Gain fine-tuned control of objects that are connected by joints.
Inverse kinematics (IK) is the use of equations to drive a system of connected components so that an end effector can reach a desired position. Imagine a robot arm formed of a series of sections hinged together. With traditional animation techniques, if you wanted the hand of the arm to reach to a specified position, you would have to code the rotations for each of the joints, which is a complex and time-consuming task. With IK, you simply need to specify the required position of the hand (which would be the end effector), and each individual joint is rotated to achieve the final position. In SpriteKit, complex IK animations can be generated with very little code.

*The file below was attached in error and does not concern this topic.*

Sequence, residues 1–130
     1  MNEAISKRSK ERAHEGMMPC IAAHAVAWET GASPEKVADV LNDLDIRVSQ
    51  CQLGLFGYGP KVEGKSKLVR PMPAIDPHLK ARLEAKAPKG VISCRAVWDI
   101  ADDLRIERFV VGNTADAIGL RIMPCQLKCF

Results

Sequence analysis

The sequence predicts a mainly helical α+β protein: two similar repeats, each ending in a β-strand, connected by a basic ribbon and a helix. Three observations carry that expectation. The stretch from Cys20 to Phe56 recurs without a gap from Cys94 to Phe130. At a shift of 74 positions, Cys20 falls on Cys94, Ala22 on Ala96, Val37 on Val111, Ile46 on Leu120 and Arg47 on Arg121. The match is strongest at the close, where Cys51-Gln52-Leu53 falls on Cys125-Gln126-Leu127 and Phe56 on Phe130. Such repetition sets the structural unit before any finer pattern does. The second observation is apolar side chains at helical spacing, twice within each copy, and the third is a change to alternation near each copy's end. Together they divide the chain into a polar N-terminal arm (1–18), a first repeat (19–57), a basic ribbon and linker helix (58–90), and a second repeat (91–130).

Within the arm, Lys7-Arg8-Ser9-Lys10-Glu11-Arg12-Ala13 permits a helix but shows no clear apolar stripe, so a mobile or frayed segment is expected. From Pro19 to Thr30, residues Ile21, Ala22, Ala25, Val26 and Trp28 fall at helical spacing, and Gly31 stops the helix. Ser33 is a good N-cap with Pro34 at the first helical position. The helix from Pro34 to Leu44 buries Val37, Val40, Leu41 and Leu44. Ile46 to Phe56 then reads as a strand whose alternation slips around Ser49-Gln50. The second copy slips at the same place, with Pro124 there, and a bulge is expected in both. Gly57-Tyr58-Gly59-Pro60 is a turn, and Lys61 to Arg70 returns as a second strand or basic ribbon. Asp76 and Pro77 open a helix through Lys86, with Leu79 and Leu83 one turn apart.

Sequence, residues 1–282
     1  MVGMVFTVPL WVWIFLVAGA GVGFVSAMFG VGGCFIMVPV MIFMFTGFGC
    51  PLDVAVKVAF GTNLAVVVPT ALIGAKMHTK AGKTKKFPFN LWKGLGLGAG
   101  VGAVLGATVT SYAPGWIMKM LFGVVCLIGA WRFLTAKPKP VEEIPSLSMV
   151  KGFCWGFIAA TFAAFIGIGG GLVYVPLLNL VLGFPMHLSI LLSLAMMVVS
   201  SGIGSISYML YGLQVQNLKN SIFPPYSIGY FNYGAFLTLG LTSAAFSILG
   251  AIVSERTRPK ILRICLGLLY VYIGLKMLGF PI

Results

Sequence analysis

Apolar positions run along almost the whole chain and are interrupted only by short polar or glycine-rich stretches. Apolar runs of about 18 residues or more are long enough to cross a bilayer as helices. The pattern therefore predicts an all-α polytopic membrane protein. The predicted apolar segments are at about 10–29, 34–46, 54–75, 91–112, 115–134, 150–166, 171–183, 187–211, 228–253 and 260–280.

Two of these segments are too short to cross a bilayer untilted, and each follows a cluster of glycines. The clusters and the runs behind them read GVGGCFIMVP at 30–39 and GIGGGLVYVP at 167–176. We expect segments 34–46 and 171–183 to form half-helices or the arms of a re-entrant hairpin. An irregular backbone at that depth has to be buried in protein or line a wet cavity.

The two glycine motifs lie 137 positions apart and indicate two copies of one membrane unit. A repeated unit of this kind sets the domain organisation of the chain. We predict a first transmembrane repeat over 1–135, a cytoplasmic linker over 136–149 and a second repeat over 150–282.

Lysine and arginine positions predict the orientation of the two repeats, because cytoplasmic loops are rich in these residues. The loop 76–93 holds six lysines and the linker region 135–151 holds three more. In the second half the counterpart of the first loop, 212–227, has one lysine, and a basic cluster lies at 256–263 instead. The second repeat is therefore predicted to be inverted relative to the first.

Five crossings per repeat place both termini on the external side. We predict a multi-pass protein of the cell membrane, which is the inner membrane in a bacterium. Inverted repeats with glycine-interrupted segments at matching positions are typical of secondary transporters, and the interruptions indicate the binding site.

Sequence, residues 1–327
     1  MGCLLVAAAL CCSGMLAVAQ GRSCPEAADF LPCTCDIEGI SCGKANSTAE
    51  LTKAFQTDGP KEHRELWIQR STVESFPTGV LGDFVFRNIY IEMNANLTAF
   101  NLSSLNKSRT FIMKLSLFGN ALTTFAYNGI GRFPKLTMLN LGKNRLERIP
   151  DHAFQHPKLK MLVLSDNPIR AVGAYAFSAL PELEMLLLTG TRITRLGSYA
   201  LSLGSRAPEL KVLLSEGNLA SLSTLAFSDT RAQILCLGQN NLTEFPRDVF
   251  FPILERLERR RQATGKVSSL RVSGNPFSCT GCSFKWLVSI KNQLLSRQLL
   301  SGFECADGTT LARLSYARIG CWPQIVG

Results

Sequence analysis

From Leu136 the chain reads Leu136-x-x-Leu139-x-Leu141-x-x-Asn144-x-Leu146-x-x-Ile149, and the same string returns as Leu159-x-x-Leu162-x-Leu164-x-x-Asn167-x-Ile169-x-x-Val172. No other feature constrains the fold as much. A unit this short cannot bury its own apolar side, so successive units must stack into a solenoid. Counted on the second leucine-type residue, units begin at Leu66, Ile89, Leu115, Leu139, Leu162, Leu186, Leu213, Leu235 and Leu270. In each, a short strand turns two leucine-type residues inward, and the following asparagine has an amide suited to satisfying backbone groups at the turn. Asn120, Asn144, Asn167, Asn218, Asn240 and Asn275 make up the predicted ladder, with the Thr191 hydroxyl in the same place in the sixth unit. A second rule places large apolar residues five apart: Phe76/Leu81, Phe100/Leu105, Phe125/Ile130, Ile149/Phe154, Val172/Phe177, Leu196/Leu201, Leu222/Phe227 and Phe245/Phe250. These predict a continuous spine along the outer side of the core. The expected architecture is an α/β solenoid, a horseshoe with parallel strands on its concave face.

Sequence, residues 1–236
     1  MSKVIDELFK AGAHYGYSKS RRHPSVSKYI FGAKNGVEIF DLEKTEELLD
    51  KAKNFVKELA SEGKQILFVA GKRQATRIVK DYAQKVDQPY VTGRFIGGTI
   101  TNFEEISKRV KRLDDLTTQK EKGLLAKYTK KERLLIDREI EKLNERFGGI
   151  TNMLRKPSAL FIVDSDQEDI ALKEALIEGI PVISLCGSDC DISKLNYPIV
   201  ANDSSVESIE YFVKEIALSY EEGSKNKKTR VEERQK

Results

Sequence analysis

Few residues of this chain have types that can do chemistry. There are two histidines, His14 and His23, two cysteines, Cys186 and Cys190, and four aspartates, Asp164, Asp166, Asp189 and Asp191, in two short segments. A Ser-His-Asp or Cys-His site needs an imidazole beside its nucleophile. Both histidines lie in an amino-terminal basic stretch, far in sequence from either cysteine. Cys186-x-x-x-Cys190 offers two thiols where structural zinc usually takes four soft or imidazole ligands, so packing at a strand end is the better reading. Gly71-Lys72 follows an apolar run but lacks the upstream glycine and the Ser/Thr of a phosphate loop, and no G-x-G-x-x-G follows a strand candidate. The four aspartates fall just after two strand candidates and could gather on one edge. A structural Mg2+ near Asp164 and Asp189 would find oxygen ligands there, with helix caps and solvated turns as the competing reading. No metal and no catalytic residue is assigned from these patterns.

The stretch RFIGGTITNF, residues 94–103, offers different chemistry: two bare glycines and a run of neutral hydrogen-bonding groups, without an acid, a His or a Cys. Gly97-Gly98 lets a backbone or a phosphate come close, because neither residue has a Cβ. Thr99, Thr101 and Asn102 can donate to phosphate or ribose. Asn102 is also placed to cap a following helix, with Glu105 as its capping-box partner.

Set Up the Joints and Constraints
SpriteKit's IK relies on two classes:
reachmethods that solve an IK system (that run the system to make the end effector reach a specified position).
SKConstraintobjects that constrain the position or orientation of nodes.
Listing 1 creates a simple robot arm consisting of a fixed
shoulder node and
lower sections that are joined by
wrist nodes. At the end of the
wrist is an
end node. The nodes are progressively children of each other.
shoulder node is fixed to the scene with a constraint, and the other joints are offset in the
y direction by the length of each section.
In its default position, the code above creates a node tree that looks like this (the shoulder is at the top, in blue, and the end effector is at the bottom, in yellow).
Run the Solver
To run the IK solver, you create an action passing it the desired location.
Given a location to the left of and slightly below the shoulder, the action finishes with the node tree looking like the following: